Summit County Sheriff Jaime FitzSimons said he understood the incident was a bit of a “perfect storm,” with the opening of school and wind that carried noise down to the valley that night. But he said that in his 15 years at the Sheriff’s Office, it was the first time he had heard of complaints about night training.
FitzSimons said the night training is necessary for officers to practice shooting in low-light conditions. He said he is in favor of the county opening an indoor shooting range for law enforcement, at the very least, but admitted it would be an expensive endeavor.
Dan Bjork, vice president of the Summit Range Association, said despite the occasional complaint about noise, the range had seen a lot of support from the community over the years, with $1,000 a month raised from brass case recycling and community donations. The range also has become popular among Front Range residents, as it is one of the only public outdoor shooting ranges in the region.
“About 70% to 80% of our clientele is from the Front Range,” Bjork said. “It’s because it’s a quality range. Colorado Parks and Wildlife said it was the best range they know of that is a free public range.”
Byrne added that the shooting range had critical value to the community as a centralized place for people to shoot, instead of out on national forestland or at trailheads. Aside from avoiding the human safety and noise issues, it also mitigates fire danger created by shooters firing idly into dry brush.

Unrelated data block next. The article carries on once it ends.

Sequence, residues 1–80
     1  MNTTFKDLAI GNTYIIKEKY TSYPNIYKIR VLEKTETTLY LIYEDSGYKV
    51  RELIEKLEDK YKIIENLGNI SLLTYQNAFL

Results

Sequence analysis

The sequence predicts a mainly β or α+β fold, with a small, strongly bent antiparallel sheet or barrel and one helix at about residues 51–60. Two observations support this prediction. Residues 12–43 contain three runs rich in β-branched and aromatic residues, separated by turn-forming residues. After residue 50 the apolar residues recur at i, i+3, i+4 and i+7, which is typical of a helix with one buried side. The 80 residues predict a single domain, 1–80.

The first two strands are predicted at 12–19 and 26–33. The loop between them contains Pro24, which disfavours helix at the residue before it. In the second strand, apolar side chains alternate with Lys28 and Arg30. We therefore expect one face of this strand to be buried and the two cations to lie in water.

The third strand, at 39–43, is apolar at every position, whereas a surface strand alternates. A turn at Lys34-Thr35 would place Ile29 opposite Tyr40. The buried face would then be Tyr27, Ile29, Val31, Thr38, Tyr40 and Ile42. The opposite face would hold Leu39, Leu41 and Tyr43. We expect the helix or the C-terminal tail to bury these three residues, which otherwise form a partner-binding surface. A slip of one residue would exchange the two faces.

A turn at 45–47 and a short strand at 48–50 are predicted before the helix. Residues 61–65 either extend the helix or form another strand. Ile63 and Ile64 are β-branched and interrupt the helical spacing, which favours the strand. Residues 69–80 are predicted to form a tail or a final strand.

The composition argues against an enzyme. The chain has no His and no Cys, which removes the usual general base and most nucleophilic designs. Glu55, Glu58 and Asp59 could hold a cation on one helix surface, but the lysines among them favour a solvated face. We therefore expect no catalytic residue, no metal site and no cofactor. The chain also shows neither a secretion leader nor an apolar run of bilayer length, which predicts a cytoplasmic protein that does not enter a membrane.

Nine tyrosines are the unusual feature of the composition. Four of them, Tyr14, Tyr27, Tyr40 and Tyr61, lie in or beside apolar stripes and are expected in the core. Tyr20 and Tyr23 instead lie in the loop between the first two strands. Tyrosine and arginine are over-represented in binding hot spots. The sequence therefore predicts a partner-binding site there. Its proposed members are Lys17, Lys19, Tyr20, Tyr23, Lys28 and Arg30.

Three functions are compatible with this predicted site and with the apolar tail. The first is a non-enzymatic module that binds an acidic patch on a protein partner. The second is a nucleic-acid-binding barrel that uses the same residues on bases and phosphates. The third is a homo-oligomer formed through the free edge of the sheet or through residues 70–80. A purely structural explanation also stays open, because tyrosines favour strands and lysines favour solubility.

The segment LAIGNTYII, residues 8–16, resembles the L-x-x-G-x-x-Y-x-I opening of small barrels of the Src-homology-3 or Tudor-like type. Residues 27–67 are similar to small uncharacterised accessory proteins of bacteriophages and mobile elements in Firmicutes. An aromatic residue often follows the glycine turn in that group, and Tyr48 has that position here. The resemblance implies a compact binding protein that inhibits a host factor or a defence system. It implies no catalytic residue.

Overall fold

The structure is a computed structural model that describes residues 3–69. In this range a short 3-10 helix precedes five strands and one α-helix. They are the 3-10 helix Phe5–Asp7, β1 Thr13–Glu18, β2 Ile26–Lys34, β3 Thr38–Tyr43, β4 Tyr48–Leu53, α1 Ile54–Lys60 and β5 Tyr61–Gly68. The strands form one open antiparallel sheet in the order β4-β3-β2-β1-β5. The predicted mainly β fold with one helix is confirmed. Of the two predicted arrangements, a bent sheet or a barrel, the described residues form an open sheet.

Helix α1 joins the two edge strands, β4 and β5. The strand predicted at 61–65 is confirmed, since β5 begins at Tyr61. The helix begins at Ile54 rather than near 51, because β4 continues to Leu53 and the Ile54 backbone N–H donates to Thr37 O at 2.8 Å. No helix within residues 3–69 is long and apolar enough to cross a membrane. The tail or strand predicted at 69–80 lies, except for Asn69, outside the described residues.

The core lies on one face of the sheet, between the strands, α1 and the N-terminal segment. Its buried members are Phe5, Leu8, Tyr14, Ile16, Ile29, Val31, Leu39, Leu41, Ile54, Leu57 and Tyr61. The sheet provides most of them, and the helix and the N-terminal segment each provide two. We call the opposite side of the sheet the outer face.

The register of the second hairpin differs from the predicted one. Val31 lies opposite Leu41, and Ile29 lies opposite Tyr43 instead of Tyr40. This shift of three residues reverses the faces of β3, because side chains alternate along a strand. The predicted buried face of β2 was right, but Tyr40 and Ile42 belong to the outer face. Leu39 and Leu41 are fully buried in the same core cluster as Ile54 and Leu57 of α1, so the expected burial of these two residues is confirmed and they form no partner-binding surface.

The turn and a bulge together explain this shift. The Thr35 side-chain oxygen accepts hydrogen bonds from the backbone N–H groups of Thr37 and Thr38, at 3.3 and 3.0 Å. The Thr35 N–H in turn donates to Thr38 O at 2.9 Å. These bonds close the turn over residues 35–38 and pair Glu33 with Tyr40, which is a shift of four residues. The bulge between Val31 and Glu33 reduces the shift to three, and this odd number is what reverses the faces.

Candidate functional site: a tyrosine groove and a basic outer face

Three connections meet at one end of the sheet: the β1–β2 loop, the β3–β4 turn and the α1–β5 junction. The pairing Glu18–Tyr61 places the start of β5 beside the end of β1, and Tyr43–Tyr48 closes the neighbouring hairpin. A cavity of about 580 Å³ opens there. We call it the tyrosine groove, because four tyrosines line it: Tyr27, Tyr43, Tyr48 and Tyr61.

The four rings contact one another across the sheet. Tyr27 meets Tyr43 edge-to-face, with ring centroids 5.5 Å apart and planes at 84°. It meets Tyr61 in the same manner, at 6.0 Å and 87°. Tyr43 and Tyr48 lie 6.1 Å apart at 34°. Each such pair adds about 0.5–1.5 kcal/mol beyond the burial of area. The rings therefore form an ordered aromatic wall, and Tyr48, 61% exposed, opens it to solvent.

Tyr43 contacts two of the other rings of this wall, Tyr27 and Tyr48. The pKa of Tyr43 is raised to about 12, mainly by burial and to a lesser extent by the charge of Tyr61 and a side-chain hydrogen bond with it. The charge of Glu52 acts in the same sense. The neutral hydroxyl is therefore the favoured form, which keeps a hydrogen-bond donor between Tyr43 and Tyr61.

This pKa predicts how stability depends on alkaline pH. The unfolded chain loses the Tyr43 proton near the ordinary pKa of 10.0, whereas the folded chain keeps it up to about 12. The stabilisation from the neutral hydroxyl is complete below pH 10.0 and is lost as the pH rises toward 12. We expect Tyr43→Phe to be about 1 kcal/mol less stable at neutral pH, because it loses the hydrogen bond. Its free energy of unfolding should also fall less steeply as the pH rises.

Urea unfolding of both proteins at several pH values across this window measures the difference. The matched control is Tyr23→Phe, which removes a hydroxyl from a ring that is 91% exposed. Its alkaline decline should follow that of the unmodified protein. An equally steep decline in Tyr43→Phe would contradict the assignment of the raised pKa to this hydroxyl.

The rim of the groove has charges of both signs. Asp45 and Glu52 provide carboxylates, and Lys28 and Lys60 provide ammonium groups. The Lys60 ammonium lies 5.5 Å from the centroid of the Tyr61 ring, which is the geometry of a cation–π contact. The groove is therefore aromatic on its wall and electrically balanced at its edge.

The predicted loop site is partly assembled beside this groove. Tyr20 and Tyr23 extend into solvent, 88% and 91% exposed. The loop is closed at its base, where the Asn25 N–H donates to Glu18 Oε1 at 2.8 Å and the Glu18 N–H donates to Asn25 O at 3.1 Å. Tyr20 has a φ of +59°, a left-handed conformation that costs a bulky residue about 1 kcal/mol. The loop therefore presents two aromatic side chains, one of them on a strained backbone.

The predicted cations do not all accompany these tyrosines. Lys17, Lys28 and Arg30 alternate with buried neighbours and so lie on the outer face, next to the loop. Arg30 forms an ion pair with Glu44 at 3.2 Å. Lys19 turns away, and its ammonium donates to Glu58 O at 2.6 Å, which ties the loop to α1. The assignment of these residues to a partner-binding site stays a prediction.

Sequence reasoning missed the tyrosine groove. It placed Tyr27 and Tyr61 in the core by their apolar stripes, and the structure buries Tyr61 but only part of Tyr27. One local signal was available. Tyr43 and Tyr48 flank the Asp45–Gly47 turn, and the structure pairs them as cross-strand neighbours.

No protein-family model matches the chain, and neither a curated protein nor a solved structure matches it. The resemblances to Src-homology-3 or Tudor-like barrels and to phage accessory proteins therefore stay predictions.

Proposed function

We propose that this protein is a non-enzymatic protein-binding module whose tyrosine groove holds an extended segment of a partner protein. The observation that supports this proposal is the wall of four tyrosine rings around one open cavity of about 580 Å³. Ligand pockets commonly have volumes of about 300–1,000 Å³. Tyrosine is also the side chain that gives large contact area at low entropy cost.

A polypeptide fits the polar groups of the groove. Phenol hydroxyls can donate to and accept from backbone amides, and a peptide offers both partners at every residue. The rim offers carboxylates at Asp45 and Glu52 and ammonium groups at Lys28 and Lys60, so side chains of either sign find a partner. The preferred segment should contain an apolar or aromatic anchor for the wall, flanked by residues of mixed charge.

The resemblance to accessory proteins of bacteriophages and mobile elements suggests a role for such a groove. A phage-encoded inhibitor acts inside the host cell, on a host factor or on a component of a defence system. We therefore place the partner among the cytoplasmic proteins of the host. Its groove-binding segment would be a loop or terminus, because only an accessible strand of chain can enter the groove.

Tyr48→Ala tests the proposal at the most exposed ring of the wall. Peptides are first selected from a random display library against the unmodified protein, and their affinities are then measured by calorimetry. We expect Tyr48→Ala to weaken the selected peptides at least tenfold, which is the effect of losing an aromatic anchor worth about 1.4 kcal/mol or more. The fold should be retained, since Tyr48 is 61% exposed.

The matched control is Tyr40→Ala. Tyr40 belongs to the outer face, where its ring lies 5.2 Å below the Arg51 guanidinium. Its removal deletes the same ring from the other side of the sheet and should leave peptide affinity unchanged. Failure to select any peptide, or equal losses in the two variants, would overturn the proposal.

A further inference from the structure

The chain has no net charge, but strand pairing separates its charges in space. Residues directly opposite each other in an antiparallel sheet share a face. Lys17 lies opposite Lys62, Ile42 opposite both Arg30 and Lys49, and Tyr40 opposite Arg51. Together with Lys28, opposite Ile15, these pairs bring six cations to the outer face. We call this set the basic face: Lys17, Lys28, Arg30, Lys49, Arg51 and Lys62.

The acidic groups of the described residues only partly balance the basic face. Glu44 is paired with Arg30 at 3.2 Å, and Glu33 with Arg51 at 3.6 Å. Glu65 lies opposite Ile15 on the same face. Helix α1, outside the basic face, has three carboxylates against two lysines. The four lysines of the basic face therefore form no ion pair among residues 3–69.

With hunting season going on, activity has picked up at the range and will continue until at least mid-December. Byrne said the Range Association and county are aware of the need to find a way to mitigate noise at the range, and they are looking into applying for grants from state and national groups to help pay for it.
Assistant County Manager Bentley Henderson, who was public works director for the town of Basalt when it took measures to mitigate noise at its outdoor range, said it cost the town close to $200,000 to contract a firm to construct a three-sided structure around the range to direct noise forward while blocking noise in other directions.
It has yet to be determined whether that kind of structure is feasible or affordable in the wide-open area where the Summit range sits near Frey Gulch. Byrne and Vargo said they also are looking into the possibility of installing a higher berm to shield the valley from the noise.
For her part, Carisch said she was pleased with the steps being taken toward mitigating the noise.
“I would like us to work together to find a way to minimize the daily noise,” Carisch said. “I am optimistic that there are noise reduction options and to work collaboratively among people who like to shoot and people who don’t have that hobby.”
Byrne said he and the Range Association are more than happy to continue working with the community for a solution.
“This model here for the county has been very successful,” Byrne said. “We want to be good partners with the community and do whatever we can to address any concerns.”